The Earliest Year

During the 1970s, in my first years in Arctic Alaska, people would talk about it being a “late year” or “early year” when discussing the timing of snowmelt, arrival of birds, flowering of plants, or the melting of sea ice. It was generally assumed one would rarely or ever see an “average year” but that over time annual variation would produce approximately equal numbers of late and early years with no reason to believe there would be any long-term trend to earlier or later years during the course of one’s lifetime.

That proved to be true for the first fifteen years monitoring the timing of breeding of Cooper Island’s Black Guillemot colony. One of the best ways of measuring the timing of breeding in a seabird colony is to obtain the median date of egg laying – the date when half of the breeding females in the colony have started to lay eggs.Corrected median date of egg laying

From 1975 to 1989 the median egg was laid in late June or early July. However, in 1990 the consistency of the previous 15 years was broken as egg laying occurred approximately one week earlier than in previous years. The start of the breeding season for the Black Guillemots on Cooper Island is related to the timing of snow melt because winter snow blocks the entrances to the ground level nest cavities and females need access to a nest before they will begin to form eggs. The shift in timing of breeding beginning in 1990 reflected a change in regional atmospheric circulation (the Arctic Oscillation) that resulted in warmer spring temperatures, earlier snow melt and earlier egg laying.

While the early breeding in 1990 was a major surprise at the time, what was almost more surprising was that the it was followed by a quarter century with no trend in the timing of egg laying at all – just an approximately equal numbers of early and late years, centered around a new average.

It is the two periods of relative stability (1975-1989 and 1990-2014) in the guillemot’s timing of breeding that make the findings on Cooper Island in 2015 and 2016 all the more intriguing. Last year’s 2015 field season saw the median date of egg laying occur on June 19, three days earlier than the previous early record and 6 days earlier than the 1990-2014 average. The early 2015 season followed record warm spring temperatures recorded at NOAA’s Observatory 20 miles away in Barrow.

This year things were again warm in Barrow with snowmelt at NOAA’s observatory the earliest on record and I assumed it would again be an early year on Cooper Island. But I was surprised at just how early it has been, with the median date of egg laying occurring on June 16, three days earlier than last year and more than two weeks earlier than the timing of egg laying when the study started in the late 1970s.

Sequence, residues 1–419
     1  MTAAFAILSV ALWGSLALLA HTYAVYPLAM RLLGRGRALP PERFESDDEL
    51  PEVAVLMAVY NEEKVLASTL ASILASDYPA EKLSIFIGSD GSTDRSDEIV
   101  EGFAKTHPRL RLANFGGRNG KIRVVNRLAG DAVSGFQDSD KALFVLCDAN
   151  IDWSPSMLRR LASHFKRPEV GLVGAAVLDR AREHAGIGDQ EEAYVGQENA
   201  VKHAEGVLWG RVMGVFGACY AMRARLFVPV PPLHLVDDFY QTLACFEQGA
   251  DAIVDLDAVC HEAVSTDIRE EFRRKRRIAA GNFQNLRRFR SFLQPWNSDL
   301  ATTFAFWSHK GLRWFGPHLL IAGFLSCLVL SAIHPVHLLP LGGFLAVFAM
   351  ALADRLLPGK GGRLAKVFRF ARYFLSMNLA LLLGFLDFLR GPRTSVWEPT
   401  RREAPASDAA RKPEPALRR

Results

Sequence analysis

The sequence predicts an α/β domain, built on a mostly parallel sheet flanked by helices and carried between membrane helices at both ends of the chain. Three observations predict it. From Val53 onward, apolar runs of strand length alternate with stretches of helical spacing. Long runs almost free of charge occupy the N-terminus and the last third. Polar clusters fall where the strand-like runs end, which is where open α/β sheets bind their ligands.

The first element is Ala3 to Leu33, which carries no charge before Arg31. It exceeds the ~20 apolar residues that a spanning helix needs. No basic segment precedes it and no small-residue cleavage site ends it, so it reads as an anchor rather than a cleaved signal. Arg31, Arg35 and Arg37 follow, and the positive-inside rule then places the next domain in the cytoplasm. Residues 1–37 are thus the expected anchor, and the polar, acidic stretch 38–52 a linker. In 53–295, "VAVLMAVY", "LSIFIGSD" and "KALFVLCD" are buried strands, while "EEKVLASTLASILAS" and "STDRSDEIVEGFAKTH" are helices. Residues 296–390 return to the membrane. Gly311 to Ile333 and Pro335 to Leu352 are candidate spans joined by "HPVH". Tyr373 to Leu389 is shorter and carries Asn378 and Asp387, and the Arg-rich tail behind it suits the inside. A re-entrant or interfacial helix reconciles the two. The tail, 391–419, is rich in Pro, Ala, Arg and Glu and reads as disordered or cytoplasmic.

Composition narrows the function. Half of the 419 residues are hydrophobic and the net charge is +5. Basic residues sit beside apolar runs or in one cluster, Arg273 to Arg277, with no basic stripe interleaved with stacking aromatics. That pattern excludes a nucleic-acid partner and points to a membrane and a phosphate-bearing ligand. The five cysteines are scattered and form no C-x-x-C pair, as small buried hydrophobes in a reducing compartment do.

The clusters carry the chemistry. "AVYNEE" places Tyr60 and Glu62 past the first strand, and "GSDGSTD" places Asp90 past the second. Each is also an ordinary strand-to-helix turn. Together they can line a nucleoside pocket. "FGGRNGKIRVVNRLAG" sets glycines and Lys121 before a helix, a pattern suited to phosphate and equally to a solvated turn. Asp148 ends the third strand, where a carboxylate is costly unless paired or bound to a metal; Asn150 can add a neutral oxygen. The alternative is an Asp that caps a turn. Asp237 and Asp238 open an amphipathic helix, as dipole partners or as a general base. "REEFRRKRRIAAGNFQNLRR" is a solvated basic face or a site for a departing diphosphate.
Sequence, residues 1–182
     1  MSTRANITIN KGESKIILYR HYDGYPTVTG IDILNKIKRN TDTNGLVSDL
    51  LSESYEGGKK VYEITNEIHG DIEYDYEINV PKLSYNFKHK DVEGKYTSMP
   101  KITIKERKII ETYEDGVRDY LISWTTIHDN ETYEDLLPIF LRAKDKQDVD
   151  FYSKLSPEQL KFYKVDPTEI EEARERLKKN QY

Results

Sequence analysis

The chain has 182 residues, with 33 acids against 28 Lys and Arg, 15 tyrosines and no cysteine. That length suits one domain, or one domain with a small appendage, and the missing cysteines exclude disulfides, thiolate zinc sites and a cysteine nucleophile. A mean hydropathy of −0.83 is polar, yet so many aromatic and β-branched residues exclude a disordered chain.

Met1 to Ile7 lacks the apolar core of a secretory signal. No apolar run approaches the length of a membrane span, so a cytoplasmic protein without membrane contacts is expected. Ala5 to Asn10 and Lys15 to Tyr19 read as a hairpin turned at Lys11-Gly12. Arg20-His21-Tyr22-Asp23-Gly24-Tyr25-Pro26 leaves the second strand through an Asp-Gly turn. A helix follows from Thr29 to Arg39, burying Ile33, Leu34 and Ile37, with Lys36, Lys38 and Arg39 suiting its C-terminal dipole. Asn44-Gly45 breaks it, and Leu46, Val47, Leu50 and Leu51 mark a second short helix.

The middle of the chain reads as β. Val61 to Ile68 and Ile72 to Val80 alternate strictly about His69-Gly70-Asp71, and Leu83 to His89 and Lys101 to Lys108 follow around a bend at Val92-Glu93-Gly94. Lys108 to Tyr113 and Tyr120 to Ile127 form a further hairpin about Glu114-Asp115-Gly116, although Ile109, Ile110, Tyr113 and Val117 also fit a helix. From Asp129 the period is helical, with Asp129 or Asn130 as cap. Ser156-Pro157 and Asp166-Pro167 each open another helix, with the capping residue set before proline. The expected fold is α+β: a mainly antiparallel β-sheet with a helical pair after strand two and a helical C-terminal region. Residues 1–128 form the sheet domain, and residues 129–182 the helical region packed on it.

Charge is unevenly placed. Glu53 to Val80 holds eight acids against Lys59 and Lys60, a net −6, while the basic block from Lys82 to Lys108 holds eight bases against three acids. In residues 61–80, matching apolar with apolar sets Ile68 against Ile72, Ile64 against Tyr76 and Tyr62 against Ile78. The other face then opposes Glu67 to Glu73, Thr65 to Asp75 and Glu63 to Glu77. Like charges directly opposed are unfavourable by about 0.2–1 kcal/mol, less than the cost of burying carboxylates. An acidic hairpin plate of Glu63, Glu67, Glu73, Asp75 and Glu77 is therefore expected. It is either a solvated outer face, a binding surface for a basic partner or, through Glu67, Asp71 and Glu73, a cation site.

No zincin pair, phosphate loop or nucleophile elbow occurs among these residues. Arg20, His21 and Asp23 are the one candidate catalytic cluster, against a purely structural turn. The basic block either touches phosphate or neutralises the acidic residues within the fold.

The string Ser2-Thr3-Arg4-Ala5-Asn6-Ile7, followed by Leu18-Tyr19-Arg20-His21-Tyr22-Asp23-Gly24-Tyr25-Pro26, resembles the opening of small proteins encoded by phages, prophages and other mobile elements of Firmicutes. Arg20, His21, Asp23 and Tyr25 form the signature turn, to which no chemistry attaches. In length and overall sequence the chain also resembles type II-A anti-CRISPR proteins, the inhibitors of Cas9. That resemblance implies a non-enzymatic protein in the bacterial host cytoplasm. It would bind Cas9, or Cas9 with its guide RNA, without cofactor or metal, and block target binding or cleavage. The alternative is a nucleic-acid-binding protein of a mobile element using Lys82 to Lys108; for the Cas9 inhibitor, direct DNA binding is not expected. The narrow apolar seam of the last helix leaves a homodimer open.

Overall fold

Early egg laying is typically considered a good thing for Arctic birds, as it provides more time for raising young before fall migration. For the Black Guillemots, however, the warmth that has been melting snow and allowing earlier breeding has also been melting the sea ice in the adjacent Arctic Ocean. Black Guillemots in the Arctic are adapted to feeding in the cold waters around the sea ice where they can find their preferred prey, Arctic Cod. For the last 15 years, loss of sea ice in late July and August, when parents are feeding their young on Cooper Island, has caused a lack of food resulting in lower fledging weights, higher nestling mortality, and overall decreased nesting success. Black Guillemot chicks are just beginning to hatch now (mid-July) and will remain in the nest for the next five to six weeks. The ice-associated prey available to their parents may be again limited this year as the sea ice melt has been on a near record pace and a recent satellite image shows most of the waters used by Cooper Island’s guillemots are already free of ice.


All species and ecosystem processes in the Arctic have annual cycles tied to the timing of spring snow melt, which is trending earlier due to climate warming. The 42-year data set on the timing of Black Guillemot breeding on Cooper Island provides unique insights into the biological consequences of the well-documented physical changes occurring in the Arctic. Unfortunately there are very few multi-decadal data sets documenting the changes that have occurred to Arctic species, and that paucity of data makes the study on Cooper Island’s Black Guillemots all the more important to preserve and continue.


The Cooper Island study is maintained by donations to our nonprofit, Friends of Cooper Island, a 501(c)3.  Your donation will help us continue to monitor a warming Arctic. 

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